Baby Boomers and Travel: An American Woman in Kenya
In 1985, an American woman who had travelled extensively in East Africa since the time she was in college, founded a safari planning company. A friend of hers who was a graduate of the same university she had attended in the United States and was now a Member of Parliament in Kenya, invited her on a tour of his country. He wanted to show her how a drought in the northern part of it had affected the people. They had tended livestock on the arid land for centuries and now their livestock were dying. It left them with no food and no way to earn an income. On one of the trips in which she saw firsthand how the people were suffering, she asked her friend who was driving the vehicle to pull off on the side of the road. She was overwhelmed with what she had witnessed, could not absorb any more, and broke down in tears. After she had collected herself, her friend turned to her and made a startling statement, “Now you see as God sees.”
Unlike us mortals, God sees the entire expanse of the human condition. Unvarnished. From those living in the most congested urban areas to those living in the most remote regions of the bush. From those whose lives have been blessed with health, wealth, and comfort to those whose lives consist of seemingly endless suffering. Nothing escapes God’s eyes.
One of the truths about which the world’s religious traditions are in agreement, is that God is especially sensitive to the suffering of the poor. We humans tend to avoid them because their suffering makes us feel uncomfortable. The American woman and her friend in Parliament could have avoided taking the trip to the drought-stricken region. She, for one, must have had some idea that what she was about to see was not going to be pleasant. But they did not. The result was a life changing experience for her.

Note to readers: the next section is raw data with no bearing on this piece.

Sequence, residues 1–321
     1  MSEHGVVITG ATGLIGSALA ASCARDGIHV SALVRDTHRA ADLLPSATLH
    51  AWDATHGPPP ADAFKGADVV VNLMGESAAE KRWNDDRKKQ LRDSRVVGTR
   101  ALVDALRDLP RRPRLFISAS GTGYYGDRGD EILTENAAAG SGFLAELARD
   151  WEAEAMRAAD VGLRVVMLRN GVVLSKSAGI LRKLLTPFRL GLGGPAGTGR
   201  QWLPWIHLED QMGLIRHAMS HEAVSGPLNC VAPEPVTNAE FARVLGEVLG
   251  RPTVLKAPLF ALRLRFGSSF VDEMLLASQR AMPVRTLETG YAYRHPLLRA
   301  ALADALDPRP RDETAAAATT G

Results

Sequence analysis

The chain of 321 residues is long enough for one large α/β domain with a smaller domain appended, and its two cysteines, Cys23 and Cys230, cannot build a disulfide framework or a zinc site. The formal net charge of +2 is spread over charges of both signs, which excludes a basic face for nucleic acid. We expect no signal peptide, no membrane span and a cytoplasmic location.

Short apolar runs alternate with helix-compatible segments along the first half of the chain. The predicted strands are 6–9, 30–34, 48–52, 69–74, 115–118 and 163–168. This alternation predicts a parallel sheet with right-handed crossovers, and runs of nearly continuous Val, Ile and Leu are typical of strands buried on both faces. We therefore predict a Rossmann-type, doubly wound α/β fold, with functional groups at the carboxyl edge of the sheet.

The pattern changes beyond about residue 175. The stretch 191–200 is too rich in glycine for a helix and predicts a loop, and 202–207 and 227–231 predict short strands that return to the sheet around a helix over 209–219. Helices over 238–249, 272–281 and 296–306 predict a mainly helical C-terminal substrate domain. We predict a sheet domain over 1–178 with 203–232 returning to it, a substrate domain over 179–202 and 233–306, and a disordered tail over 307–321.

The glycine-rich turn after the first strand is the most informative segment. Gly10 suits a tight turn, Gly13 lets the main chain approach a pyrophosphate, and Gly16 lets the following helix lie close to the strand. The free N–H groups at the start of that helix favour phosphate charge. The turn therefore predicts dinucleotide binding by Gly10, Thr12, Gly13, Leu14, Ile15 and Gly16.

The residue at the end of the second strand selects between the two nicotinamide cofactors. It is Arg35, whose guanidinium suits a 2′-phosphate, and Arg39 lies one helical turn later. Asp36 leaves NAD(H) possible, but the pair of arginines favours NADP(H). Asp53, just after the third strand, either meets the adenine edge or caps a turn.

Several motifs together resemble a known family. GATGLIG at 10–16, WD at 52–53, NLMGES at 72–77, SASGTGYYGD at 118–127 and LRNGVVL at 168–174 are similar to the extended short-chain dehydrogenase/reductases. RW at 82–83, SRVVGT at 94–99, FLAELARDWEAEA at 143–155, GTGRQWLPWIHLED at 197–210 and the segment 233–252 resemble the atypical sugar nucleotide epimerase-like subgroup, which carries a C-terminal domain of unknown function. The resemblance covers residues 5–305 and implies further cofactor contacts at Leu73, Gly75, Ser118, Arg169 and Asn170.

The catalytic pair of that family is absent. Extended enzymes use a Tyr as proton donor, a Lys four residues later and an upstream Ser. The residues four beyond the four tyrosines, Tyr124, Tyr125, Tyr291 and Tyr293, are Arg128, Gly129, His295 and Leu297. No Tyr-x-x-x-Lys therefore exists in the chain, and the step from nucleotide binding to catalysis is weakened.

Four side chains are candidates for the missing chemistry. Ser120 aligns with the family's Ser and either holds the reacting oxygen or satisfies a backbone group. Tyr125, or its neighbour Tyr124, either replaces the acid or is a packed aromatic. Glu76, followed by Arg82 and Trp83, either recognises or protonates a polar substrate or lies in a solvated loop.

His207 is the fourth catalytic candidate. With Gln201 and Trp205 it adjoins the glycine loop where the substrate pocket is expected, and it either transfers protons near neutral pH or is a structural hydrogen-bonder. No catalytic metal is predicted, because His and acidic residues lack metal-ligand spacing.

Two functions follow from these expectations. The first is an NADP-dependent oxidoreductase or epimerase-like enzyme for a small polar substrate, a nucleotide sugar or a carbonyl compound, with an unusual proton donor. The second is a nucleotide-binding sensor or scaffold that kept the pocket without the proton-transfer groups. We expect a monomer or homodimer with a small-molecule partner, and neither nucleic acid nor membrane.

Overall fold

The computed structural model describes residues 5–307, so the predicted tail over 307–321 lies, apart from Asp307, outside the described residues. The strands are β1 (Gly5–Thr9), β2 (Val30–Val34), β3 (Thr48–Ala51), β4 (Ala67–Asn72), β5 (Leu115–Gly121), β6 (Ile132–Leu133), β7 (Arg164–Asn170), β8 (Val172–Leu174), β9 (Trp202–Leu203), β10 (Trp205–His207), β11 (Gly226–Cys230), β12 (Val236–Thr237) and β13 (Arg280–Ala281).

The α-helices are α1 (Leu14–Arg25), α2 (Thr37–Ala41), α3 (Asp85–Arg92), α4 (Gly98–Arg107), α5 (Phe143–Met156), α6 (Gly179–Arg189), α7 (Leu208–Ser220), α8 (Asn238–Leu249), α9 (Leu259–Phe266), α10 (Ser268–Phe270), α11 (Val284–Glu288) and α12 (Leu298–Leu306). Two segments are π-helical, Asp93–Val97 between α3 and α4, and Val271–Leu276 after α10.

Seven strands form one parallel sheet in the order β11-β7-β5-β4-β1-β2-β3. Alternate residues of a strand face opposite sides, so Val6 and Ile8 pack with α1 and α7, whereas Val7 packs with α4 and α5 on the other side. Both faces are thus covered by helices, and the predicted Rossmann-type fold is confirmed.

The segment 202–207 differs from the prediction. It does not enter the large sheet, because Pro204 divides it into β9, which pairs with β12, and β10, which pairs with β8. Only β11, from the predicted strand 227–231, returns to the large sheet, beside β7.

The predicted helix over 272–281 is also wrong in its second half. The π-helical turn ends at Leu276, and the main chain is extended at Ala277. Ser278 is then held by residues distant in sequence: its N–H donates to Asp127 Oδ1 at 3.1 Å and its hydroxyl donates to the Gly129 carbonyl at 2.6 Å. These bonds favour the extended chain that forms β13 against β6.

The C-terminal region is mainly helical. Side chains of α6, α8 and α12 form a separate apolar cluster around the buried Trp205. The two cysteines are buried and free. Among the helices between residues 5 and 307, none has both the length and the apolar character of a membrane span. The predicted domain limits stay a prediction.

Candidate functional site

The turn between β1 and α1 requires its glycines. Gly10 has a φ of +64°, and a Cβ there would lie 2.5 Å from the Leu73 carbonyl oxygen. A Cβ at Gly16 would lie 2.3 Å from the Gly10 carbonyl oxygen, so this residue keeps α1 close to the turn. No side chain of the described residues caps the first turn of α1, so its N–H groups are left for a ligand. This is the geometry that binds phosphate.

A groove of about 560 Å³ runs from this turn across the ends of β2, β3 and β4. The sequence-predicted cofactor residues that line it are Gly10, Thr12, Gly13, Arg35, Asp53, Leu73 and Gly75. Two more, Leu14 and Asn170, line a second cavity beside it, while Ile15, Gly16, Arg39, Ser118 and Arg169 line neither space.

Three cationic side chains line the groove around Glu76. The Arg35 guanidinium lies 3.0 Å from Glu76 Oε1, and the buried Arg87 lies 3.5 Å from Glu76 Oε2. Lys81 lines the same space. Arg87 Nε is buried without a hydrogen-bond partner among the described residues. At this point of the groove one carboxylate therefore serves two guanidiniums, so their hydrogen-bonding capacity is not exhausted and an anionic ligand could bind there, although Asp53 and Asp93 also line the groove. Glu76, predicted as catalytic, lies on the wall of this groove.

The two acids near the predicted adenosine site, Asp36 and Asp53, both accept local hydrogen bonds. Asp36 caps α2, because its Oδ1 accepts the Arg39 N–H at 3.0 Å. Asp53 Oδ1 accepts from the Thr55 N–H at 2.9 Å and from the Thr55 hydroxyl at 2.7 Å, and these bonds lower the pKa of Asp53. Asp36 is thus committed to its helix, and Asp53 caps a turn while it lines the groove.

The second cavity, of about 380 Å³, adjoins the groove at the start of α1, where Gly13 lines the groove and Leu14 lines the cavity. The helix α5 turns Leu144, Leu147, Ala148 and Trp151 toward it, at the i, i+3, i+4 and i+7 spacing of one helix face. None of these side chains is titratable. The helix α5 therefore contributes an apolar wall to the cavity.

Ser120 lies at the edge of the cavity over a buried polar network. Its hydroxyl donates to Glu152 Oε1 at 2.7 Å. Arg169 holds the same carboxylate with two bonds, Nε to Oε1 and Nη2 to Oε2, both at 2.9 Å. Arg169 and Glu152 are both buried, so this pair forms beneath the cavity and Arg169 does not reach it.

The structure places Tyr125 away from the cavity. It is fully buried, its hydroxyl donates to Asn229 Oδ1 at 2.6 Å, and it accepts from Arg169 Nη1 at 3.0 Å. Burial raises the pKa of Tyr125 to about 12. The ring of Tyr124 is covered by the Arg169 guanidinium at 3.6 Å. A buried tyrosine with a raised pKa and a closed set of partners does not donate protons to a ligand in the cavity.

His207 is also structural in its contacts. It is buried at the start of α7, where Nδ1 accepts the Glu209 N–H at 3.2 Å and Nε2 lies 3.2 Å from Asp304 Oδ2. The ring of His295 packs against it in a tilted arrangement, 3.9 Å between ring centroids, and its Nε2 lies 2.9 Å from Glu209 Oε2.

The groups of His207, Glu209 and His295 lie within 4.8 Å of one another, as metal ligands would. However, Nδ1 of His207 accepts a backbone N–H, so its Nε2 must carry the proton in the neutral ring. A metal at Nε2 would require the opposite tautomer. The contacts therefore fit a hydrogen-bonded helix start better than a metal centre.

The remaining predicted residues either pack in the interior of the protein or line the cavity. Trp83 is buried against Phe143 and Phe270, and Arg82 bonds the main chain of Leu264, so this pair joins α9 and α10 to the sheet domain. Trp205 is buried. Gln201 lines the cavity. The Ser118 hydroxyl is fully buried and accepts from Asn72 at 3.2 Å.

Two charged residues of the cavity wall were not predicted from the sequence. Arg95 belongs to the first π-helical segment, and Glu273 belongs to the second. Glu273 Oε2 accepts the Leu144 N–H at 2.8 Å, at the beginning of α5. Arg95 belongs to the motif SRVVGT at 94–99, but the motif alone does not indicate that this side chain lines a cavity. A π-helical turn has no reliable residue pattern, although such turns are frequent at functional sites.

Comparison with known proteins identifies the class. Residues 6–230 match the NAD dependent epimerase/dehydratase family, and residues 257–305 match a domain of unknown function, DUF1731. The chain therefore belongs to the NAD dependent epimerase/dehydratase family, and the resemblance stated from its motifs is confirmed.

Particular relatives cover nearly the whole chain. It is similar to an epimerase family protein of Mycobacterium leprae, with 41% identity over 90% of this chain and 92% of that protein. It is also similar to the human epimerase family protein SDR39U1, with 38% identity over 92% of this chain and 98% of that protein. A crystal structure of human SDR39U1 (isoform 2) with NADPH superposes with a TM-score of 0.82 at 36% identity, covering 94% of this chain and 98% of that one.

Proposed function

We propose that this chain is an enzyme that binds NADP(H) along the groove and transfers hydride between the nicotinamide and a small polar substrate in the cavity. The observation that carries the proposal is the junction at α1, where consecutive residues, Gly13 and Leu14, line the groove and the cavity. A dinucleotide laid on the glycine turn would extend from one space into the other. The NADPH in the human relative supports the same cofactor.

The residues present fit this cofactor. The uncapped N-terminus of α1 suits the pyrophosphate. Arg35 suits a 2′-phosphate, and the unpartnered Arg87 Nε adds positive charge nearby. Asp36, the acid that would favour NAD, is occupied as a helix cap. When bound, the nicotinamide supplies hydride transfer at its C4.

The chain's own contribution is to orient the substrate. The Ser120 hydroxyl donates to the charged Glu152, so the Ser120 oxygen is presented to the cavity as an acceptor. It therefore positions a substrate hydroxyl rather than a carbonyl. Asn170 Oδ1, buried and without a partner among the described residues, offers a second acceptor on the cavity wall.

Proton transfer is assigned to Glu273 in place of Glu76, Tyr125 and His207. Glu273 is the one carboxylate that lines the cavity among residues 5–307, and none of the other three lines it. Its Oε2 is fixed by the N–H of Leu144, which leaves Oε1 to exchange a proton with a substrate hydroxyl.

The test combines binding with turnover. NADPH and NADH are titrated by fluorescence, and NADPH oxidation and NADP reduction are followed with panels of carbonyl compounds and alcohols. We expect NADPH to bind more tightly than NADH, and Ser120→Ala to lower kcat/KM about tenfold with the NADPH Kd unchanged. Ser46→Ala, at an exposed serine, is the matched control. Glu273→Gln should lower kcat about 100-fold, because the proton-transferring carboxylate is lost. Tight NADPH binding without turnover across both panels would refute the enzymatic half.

She happens to be a member of the Baby Boomer generation. One of the things we know from interviews and surveys about Baby Boomers, is that their altruistic motivations have become stronger as they have aged, and narcissistic and materialistic values have waned. Baby Boomers also crave authenticity. When they travel abroad, fifty percent of them show an interest in the native cuisines, traditions, pastimes, and cultural nuances.
Travel presents an opportunity to grow in our ability to see as God sees. Is that not the point of life after all? To see as God sees? To see ourselves as God sees us? To see others as God sees them? There can be no higher spiritual ambition.
In John’s Gospel, after Jesus cures the man born blind, he utters a chilling warning to the Pharisees. The Pharisees object to his condemnation of their blindness, “Surely, you are not saying that we are blind!” Jesus responds, “If you were [physically] blind, there would be no sin in that, but ‘We see,’ you say, and your sin remains.”
A newspaper, a book, and a movie can be instrumental in giving us new eyes. But they are no substitute for travel. As Mark Twain once wrote, “Travel is fatal to prejudice, bigotry, and narrow-mindedness.”
Through faith and a profound sense of personal call and vocation, our missionaries have been given new eyes. They have been blessed with the ability to see the extent to which all of us, regardless of our wealth or poverty, health or sickness, fame or anonymity, are sons and daughters of God. They have travelled to some of the poorest regions in the world to teach people how to see themselves as God sees them. To God, they are his children. To learn more about our missionaries, click here.